During eleven years of researching Georgiana’s life, I’ve learned just a little about the topic that became her life’s work but it’s a tiny fraction of what there is to know. Gardeners, horticulturalists and botanists all seem to have their own particular interests and specialisms so it’s always a great pleasure to receive feedback and information from the people who really know about the indigenous flora of the southwest, where Georgiana was collecting and gardening herself. Like her, they devote their own time with great dedication to seed collecting, propagating and promoting the welfare of the incredibly diverse species of the Capes region in southwest Western Australia.

I’m still learning and still being amazed by the plants, trees, funghi and mosses that grow here around my own home, and in the protected rural places like Bush Reserves, even in remnant bushland that’s retained within developed areas like housing. Here are some of the memories I’ve collected along the way.

Caladenia longiclavata ( Clubbed spider orchid: Augusta, October 2012)

Spider orchid growing in one of Georgiana’s most frequent collecting places, close to her home on the Blackwood River in Western Australia. I’m not an expert on our native orchids so please let me know, botanists, if I’ve identified this one incorrectly!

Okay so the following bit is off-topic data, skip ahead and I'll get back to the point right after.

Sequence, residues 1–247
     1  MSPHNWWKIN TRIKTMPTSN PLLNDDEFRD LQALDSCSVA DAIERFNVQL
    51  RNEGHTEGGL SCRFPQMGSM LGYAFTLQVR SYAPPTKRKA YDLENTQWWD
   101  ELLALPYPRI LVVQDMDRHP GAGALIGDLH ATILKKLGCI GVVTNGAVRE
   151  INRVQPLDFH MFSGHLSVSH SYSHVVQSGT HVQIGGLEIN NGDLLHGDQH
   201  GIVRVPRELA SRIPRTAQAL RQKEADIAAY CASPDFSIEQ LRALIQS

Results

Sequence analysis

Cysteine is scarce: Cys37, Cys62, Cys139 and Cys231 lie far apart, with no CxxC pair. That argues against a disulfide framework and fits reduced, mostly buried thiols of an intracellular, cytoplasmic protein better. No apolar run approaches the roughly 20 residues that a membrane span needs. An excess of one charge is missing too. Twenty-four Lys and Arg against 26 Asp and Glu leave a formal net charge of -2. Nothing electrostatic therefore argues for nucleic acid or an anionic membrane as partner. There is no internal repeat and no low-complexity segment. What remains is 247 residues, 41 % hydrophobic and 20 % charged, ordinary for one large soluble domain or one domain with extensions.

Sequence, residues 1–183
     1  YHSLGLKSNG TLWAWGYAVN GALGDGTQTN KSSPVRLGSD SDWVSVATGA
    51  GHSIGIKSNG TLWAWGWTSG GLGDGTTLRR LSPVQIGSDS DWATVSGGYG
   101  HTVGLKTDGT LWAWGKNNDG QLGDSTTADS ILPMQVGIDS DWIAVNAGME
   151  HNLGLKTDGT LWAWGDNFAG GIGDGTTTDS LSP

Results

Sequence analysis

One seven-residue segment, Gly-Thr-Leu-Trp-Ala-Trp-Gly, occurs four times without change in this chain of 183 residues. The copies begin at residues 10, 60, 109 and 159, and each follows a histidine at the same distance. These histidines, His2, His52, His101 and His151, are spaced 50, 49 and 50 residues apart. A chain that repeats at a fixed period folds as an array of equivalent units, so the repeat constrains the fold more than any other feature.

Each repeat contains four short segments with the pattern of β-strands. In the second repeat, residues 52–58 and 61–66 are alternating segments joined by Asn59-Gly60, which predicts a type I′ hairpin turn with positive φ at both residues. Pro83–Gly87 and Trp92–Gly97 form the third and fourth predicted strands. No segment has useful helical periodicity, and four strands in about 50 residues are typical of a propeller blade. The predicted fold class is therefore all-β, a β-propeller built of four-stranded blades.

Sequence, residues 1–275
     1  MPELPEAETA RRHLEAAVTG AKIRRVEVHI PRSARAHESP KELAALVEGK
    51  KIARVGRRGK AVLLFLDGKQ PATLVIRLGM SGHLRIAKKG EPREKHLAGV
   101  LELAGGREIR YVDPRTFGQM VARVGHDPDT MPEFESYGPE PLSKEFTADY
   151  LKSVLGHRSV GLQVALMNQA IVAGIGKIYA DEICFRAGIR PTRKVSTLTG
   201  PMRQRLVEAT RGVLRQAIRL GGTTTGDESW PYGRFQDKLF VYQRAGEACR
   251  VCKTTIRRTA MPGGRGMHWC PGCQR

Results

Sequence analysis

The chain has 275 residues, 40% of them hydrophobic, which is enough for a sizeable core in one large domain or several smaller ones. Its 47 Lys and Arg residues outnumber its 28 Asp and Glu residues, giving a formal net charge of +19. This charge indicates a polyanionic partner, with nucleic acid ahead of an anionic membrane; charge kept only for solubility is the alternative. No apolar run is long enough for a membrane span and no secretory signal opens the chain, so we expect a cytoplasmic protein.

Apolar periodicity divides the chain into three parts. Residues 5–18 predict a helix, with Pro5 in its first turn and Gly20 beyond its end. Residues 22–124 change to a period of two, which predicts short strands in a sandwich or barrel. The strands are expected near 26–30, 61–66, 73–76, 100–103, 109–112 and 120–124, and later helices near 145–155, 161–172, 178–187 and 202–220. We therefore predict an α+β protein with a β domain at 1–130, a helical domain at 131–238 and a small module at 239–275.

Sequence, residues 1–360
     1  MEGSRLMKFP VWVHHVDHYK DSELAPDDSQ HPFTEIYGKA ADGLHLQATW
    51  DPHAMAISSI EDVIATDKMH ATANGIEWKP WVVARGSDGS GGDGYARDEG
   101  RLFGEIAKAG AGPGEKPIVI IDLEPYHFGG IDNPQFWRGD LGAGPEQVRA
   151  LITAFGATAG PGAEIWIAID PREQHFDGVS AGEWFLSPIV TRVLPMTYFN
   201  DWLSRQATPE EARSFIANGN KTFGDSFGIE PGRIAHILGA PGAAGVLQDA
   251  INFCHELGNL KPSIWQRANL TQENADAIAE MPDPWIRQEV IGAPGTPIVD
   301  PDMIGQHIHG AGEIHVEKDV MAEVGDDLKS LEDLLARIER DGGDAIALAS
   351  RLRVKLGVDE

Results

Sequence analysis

Boronia molloyae (Tall boronia)

This bright pink-flowered boronia was eventually renamed for Georgiana. She collected it around Fairlawn, growing in sandy, well-drained soil near the river. She wrote that it ‘seeks banks’. This one is in our garden. It’s not as fragrant as its brown-flowered relatives but the vibrant pink petals grow on tall stems and are always warmly […]

Kingia australis

Majestic and very slow-growing, tall specimens may be hundreds of years old. Georgiana was desperately trying to collect the seeds to send to Mangles in the last weeks of her life. If I was ever forced to choose just one favourite West Australian tree or plant, this might just be the one.